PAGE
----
The motto at Max’s Wine Dive is "Why the hell not!?" While this specifically applies to the eatery's combination of fried chicken and Champagne, it could also be the answer to the question "Should I have another drink?"
The best way to start brunch is with a cocktail, because why the hell not? The Berry Driver starts with gneral manager Chris David’s berry-infused vodka for a fruity, layered cocktail with orange juice at the bottom of the glass, much like a tequila sunrise in appearance, if not flavor. David also makes a veggie-infused vodka, which is used in the house Bloody Mary. Jalapeños are part of the infusion, so be prepared for some heat — which is always welcome in a Bloody Mary. Between the veggie infusion, the tomato juice and the half pickle garnish, it is safe to consider this drink at least one serving of vegetables for the day. A broad swath of garlic and celery salt adds even more savory flavor, if you don't mind licking your glass.
David is a sommelier who has clearly found the right place to work, with shelves filled with wine along the dining room walls, sometimes still in their boxes. He points out which white wines easily cut through fatty dishes full of crab and avocado, which lighter reds complement fried foods and which Champagne pairs with fried chicken. Any of the servers at Max’s can also help you match any one of about 100 wines, several of which are on tap, to the right brunch item, so you don't need to worry about making a critical wine error.
Fried chicken is the specialty of the house and the highlight of the dishes I sampled. The chicken is brined in a jalapeño buttermilk bath, which adds noticeable flavor to the meat, which is cooked low and slow — surprising for fried chicken and for a restaurant that churns out dozens of plates every day. Just how low and slow? After the chicken is fully dredged in seasoning, it is cooked at 250 degrees for thirty minutes. The menu specifically notes that wait times around dinner will be longer, as all of the chicken is cooked to order.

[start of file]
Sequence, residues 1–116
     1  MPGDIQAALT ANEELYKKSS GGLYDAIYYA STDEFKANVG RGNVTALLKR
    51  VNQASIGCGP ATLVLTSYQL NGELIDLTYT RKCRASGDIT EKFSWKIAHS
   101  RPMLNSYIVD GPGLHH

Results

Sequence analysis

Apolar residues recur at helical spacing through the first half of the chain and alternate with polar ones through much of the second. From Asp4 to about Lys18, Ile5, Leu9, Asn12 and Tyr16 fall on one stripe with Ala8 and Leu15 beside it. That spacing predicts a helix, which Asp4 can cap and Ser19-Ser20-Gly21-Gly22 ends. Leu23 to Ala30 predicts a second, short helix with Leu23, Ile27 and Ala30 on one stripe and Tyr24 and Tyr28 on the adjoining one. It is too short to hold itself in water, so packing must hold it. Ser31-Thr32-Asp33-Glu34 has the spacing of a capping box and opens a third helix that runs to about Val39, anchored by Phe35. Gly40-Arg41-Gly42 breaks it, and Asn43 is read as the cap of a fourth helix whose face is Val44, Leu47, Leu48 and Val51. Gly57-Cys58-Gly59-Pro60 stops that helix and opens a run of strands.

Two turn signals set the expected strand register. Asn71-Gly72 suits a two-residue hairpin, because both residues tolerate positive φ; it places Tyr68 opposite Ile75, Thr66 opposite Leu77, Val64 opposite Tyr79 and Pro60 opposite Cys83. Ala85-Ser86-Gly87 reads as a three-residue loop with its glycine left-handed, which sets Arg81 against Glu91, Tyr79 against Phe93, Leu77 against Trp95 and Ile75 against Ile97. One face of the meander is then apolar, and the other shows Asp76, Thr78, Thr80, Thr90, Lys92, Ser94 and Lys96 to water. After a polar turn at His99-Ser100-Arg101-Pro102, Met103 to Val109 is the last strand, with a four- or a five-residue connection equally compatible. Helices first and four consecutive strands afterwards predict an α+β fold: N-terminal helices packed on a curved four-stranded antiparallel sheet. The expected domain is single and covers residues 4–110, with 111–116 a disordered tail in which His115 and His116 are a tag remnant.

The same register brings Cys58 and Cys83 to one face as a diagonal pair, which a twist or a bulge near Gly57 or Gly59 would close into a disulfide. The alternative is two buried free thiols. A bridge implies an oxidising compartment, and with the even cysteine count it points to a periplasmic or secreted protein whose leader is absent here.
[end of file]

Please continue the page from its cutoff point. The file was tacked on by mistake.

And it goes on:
Fortunately, I didn't have to wait that long for a plate of chicken and waffles, which comes with a bird-to-waffle ratio of about three to one — so you're not just filling up on cheap carbs. The waffle itself is light and fluffy, but the chicken is the obvious star.
The fried foods only get more over-the-top from there. If you've ever wondered if deep-frying a peanut butter and jelly sandwich would make it better, Max’s answers with a resounding yes with its PB&J Monte Cristo, which really needs no explanation. But since the jelly's on the inside of the sandwich (unlike a standard Monte Cristo), your side is a cup of syrup.
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The birthday cake fritters have recently been reconfigured to turn sweet cake into waffles rather than deep-fried fritters, but the dish still brings birthday cake to a higher plane of existence. The dense waffle quarters are decorated with powdered sugar, icing and rainbow sprinkles — and you don't even have to lie about your birthday to order it.
Now that you've had your birthday cake, all you need to do is blow out the candles and make a wish — for another weekend brunch at Max's.
Max’s Wine Dive is located at 696 Sherman Street and serves brunch from 10 a.m. to 4 p.m. For more information, call 303-593-2554 or visit the restaurant's website. Hot tip: Potato flakes are often used in the kitchen, and about half of the dishes can be made gluten-free. Just ask!